Follow a healthy study routine to combat stress
In the first of a two-part series on dealing with exam stress, we look at the importance of time management, leading a healthy lifestyle and establishing ground rules while studying.education Updated: Jan 30, 2014 13:49 IST
Stress is the wear and tear we experience as we make adjustments to our continuously changing environment. As a positive influence, stress can help compel us to action; it can result in a new awareness and an exciting new perspective. As a negative influence, it can result in feelings which in turn can lead to health problems.
Some of the stress indicators are lack of sleep, mood swings, indigestion, abdominal cramps, neck ache and backache. With the death of a loved one, the birth of a child, a job promotion, or a new relationship, we experience stress as we readjust our lives. While adjusting to different circumstances, stress will help or hinder us depending on how we react to it.
Anything that makes you tense, angry, frustrated or unhappy can cause stress. It may be thinking about next week’s driving test or a visit from a difficult relative, the choices you have to make when moving house or getting married, an accident or injury, the seemingly unrelenting pressures of work or the unavoidable burden of coping with a death in the family.
Exam-related stress is now common among school students. You can, however, offset this stress by making a few simple but important lifestyle changes including intake of healthy food, good sleep, regular exercise and communication with loved ones.
A balanced diet is crucial, especially during stressful periods like examinations. The golden rule is to increase intake of greens, fruits salads and pulses and keep a check on oils, spices and salts. Adequate sleep is must for rejuvenation of the mind. Plan at least six to seven hours of uninterrupted sleep to enhance concentration. Minimum structured physical activity spanning 15-20 minutes of brisk walk, jogging, swimming or an outdoor game is not only refreshing but it can also lift your spirits.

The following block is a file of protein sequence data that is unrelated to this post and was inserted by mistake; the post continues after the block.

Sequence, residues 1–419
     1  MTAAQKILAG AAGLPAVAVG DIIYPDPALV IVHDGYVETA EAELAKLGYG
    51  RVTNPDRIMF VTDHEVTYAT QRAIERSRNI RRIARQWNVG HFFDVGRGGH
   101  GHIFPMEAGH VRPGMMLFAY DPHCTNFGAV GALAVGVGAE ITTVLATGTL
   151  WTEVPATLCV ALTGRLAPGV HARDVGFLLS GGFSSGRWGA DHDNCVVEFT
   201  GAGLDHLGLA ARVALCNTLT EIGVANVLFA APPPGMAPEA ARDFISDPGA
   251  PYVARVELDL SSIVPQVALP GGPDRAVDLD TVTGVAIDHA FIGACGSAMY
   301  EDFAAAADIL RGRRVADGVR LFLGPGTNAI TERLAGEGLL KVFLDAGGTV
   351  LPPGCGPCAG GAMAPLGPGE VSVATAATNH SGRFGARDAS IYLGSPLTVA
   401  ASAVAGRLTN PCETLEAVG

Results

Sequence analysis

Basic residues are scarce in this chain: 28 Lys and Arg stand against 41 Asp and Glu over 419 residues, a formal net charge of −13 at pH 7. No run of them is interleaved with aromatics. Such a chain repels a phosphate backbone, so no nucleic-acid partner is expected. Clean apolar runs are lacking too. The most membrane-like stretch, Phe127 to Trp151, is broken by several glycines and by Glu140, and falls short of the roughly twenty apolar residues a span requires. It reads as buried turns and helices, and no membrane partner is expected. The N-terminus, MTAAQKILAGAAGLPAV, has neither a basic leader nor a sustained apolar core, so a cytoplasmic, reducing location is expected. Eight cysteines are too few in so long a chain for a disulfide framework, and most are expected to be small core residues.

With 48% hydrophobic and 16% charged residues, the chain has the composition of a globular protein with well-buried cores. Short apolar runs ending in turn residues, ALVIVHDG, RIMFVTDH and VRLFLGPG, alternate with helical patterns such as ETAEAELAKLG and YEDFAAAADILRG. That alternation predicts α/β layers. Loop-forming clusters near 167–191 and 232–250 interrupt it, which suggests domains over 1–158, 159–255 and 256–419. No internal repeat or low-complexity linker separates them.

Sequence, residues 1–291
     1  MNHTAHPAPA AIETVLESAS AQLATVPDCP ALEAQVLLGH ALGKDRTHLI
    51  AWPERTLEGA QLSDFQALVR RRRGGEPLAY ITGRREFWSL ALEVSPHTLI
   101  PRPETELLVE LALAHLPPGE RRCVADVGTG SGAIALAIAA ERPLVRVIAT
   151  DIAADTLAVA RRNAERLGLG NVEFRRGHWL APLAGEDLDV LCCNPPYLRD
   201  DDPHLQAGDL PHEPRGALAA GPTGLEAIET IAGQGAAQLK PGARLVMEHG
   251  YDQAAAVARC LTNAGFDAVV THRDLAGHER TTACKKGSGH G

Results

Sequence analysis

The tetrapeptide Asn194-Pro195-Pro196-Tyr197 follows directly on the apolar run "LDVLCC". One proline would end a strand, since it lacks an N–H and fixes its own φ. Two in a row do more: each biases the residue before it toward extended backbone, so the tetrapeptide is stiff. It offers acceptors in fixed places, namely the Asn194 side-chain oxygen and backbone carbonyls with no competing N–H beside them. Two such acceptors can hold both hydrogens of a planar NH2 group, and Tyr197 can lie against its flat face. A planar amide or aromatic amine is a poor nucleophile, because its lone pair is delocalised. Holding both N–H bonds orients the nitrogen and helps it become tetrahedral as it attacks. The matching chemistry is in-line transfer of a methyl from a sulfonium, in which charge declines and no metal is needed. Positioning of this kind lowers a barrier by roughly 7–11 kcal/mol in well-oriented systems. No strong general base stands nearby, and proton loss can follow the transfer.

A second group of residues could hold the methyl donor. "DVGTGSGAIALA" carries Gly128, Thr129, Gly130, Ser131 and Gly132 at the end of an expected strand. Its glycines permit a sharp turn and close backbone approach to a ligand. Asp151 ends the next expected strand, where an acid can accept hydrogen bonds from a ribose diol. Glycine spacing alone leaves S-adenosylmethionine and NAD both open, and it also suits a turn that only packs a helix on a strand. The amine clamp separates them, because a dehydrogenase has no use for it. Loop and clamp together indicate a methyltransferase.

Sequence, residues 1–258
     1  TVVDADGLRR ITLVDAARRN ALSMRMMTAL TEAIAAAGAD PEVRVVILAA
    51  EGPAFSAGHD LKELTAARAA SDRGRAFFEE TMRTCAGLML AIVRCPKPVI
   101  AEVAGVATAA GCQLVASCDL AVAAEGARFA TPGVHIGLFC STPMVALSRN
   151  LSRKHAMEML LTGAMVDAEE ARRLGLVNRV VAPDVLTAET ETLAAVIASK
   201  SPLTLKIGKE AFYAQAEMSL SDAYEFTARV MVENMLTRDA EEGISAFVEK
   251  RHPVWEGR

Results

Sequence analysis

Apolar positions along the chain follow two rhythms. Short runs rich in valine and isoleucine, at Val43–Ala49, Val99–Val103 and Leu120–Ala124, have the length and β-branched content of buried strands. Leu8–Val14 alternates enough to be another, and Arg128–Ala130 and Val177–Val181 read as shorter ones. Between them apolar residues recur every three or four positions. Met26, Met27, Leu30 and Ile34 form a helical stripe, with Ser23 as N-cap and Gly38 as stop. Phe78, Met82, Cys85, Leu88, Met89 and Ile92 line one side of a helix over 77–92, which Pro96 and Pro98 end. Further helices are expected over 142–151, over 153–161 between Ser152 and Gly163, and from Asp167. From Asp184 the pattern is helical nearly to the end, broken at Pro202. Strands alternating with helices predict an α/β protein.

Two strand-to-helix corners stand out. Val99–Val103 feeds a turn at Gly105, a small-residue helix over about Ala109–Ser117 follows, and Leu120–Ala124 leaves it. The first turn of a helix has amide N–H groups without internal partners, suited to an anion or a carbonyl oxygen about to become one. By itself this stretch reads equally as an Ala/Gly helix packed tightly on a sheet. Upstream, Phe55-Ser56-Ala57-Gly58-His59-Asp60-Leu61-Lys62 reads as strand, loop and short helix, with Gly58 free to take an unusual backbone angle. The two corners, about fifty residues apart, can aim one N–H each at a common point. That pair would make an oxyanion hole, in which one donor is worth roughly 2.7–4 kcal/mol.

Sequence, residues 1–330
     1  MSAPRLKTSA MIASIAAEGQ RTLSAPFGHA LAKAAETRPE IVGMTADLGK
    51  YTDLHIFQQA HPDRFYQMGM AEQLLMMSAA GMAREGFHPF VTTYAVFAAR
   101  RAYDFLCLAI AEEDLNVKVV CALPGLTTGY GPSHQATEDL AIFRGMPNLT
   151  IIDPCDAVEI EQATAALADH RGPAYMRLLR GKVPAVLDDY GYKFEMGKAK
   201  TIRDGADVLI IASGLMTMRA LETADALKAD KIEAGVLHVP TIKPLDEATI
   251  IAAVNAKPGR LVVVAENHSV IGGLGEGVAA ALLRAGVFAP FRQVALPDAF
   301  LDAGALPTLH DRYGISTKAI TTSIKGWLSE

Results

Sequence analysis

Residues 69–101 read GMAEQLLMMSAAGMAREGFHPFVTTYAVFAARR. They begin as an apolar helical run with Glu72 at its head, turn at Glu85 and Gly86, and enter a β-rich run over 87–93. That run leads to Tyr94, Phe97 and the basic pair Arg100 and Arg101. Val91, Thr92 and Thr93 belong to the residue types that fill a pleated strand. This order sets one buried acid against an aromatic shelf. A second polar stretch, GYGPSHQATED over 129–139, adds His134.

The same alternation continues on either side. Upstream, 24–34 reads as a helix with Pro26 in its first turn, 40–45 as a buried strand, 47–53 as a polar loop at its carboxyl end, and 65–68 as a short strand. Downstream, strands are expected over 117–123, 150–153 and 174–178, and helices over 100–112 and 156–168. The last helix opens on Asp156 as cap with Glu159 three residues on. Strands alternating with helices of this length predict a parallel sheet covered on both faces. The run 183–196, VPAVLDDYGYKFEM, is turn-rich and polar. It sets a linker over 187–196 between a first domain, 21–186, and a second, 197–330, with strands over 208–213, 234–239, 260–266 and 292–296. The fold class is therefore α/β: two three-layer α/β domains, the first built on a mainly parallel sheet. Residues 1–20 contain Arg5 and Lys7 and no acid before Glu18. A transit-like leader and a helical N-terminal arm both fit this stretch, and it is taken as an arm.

As a component of effective study habits, realistic time management is of paramount importance during the exam season. Individuals have their own ways of managing time. Some of these tips may come in handy.
Schedule your study timing
Creating an overly restrictive schedule which doesn’t work, is a common mistake committed by students. At the end of it, you feel guilty about not sticking to the schedule. Have a regular study time and make space for some fun too, as this will help you get back into study-mode. Make a list of what you have to do in order of importance. Schedule the important work that needs more attention first.
Plan your breaks
Don’t study longer than 50 to 60 minutes at a stretch. Take periodic breaks and do things you love, such as listening to music, reading a magazine, chatting with your family or grabbing a quick healthy snack.
Set targets and reward yourself
Setting milestones for revision certainly help to manage your time and task better. You can also set rewards for those milestones for yourself. The reward can be small, like treating yourself to some ice cream, or larger, like buying that new dress you’ve had your eyes on. Rewards also don’t have to cost money. For example, you can gift yourself a game of basketball with your friends.
Get interested and avoid nervousness
You cannot concentrate on studies if you feel disinterested in what you are reading and if there is something in your mind that is worrying you. Remember that your final revision should only involve scanning your notes, key messages and bullet points. Try to loosen yourself up by sharing it with family and friends. You are relaxed when you are at peace with yourself. And most often, this state of mind is related to your level of preparedness. So fix up a relaxed schedule for yourself and avoid last-minute stress.
Establish ground rules
Make it clear to people who matter — your friends, relatives and family members — that you are not to be disturbed during the planned study hours. If you feel that your mind is occupied by various thoughts while studying, you can write whatever comes to your mind before you actually sit down to study. This will help clear your mind of the thoughts and increase your concentration level. You may tear off the page after you have released these thoughts.